Sputnik: Can you tell us in more detail how you noticed the dark patches in the clouds?
Sanjay Limaye*: The patches actually have been known for a long time, more than a century ago, through the telescopes, but back then we did not know how fast Venus spins, people looked at the traces of Mars and they could see surface features and they could see them rotate into and out of view so they could calculate the rotation speed, but Venus was a challenge. The only way they could figure out that it was rotating, was to notice anything in the planet's visible disk that they could track over time, but it took a while before people realized that what they were looking at was not the surface of Venus, but something in the clouds, and that is still a puzzle as to why Venus, a planet which rotates very slowing about itself, it takes 243 days to make one complete rotation, why does it feel so fast.
Sputnik: Now that there's a possibility that there could be life on another planet, what are the next steps for the study Professor?
Sanjay Limaye: We haven't really discovered life, only proposed that the conditions there are conducive to life and the properties of the cloud particles that we have measured, they really are not able to differentiate what the composition of the identity of those particles is, all we know is chemical composition, obviously, but it doesn't tell us if there could be microorganisms or they're just particles. We found some terrestrial bacteria which do have some absorbtion features which mimic those found on Venus. So given the things that we know about the cloud particles and the things we don't know, it unclear whether bacteria could survive on Venus and perhaps be responsible for some of the of absorbtion of sunlight.
What we need is laboratory measurements on what kind of bacteria can survive the Venus clouds conditions, the acidic measure, the presence of sulfuric acid, for example, what their spectral properties are, what their situation is like and whether it's compatible with what we might find on Venus in terms of bacteria or microorganisms, and we certainly need to, actually, go there and explore the clouds of Venus by sampling and we need a capable platform — Venus Atmospheric Maneuverable Platform (VAMP) — a cross between a plane and a blimp, if you will. The VAMP aircraft has been conceptualized by some folks and we hope it can survive in the Venus' atmosphere for months, up to a year, it's solarh powered, so power shouldn't be an issue and if it can carry some significant instruments we would be able to sample the clouds and either confirm that there are no bacteria or maybe there's something there that we should look into further.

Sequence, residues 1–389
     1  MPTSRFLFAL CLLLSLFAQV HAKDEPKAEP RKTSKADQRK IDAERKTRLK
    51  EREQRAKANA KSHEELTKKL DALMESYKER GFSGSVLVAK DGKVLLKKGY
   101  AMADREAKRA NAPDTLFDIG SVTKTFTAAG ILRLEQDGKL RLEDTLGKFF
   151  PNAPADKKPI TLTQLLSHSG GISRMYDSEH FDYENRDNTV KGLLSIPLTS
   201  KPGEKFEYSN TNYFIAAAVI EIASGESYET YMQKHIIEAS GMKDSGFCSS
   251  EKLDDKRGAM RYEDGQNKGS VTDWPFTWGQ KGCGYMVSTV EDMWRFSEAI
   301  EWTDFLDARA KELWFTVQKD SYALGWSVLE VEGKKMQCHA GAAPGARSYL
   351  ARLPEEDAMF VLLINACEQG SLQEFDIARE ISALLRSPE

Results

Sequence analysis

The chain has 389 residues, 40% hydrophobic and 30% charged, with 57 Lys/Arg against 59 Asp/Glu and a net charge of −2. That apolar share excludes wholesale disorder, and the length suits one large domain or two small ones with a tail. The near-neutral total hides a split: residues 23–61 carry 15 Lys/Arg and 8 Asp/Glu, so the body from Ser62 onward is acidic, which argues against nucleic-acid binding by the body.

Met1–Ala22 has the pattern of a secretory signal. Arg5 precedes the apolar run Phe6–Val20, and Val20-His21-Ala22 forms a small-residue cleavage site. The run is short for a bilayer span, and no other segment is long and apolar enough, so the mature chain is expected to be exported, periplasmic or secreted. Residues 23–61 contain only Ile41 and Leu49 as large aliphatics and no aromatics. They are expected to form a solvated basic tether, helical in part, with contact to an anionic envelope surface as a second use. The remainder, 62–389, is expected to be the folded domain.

Sputnik: If some sort of life is found on Venus do you think there's a chance that other planets in our solar system may also be hosting lifeforms?
Sanjay Limaye: Well, we certainly can't exclude the possibility. A lot of attention has been focused on Mars, ever since we heard reports about the discovery of bacterial fossils in a meteorite (from Mars) that were found on Earth, the Allan Hills ALH-84001 meteorite became the most famous meteorite because scientists found fossils that looked like bacteria, that was David McKay and his colleagues sometime in the early 1990's. There is an interest in exploring whether or not there life exists elsewhere, we don't know if life started on Earth or whether it was seeded by stuff coming from outer space, that's a possibility that we can't exclude. If we find life on Venus it will be a huge discovery, and we shouldn't be surprised if we discover life on other planets, possibly Mars, Titan even, that suggests that even the exoplanets around other stars stars which are Earth-like or Venus-like may be able to host life.
*Sanjay Limaye is the coauthor of the Venus study and senior scientist at the Space Science and Engineering Center, the University of Wisconsin-Madison.
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